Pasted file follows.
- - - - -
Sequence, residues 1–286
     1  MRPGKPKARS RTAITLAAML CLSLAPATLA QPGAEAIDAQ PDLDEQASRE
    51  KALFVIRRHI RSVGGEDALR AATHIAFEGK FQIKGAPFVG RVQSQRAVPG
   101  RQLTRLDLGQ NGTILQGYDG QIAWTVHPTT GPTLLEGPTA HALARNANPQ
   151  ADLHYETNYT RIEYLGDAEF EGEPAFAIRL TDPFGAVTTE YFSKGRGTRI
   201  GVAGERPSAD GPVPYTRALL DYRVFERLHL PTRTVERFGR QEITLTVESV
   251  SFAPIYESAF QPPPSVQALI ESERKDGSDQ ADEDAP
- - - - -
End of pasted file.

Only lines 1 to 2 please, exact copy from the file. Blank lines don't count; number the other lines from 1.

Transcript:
Sequence, residues 1–286
     1  MRPGKPKARS RTAITLAAML CLSLAPATLA QPGAEAIDAQ PDLDEQASRE